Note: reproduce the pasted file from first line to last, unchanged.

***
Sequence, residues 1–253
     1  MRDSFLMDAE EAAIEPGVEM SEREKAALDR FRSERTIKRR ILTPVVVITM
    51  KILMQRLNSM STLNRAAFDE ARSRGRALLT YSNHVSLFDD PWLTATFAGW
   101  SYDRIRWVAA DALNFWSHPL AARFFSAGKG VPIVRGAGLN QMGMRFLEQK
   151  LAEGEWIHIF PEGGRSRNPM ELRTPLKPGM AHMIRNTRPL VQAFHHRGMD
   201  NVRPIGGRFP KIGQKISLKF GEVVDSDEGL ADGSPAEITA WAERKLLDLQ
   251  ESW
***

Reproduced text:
Sequence, residues 1–253
     1  MRDSFLMDAE EAAIEPGVEM SEREKAALDR FRSERTIKRR ILTPVVVITM
    51  KILMQRLNSM STLNRAAFDE ARSRGRALLT YSNHVSLFDD PWLTATFAGW
   101  SYDRIRWVAA DALNFWSHPL AARFFSAGKG VPIVRGAGLN QMGMRFLEQK
   151  LAEGEWIHIF PEGGRSRNPM ELRTPLKPGM AHMIRNTRPL VQAFHHRGMD
   201  NVRPIGGRFP KIGQKISLKF GEVVDSDEGL ADGSPAEITA WAERKLLDLQ
   251  ESW